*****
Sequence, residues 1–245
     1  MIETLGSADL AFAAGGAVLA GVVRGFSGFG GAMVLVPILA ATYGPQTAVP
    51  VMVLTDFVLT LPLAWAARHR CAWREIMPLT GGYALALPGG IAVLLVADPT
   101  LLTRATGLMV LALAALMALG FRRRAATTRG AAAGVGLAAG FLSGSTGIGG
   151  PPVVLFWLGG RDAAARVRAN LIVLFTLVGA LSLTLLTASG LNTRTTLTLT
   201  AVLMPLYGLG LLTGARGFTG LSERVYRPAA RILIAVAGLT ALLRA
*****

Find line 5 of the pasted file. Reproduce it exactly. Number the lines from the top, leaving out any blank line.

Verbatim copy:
   151  PPVVLFWLGG RDAAARVRAN LIVLFTLVGA LSLTLLTASG LNTRTTLTLT